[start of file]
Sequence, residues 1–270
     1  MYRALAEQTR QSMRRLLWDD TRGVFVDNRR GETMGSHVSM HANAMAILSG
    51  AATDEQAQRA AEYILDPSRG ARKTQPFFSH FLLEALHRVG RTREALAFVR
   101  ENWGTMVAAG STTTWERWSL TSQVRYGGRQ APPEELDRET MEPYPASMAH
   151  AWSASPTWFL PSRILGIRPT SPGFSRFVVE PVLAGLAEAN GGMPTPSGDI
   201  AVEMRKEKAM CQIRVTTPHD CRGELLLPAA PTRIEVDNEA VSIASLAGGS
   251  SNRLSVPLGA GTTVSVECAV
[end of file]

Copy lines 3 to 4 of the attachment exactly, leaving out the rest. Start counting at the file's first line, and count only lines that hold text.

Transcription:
    51  AATDEQAQRA AEYILDPSRG ARKTQPFFSH FLLEALHRVG RTREALAFVR
   101  ENWGTMVAAG STTTWERWSL TSQVRYGGRQ APPEELDRET MEPYPASMAH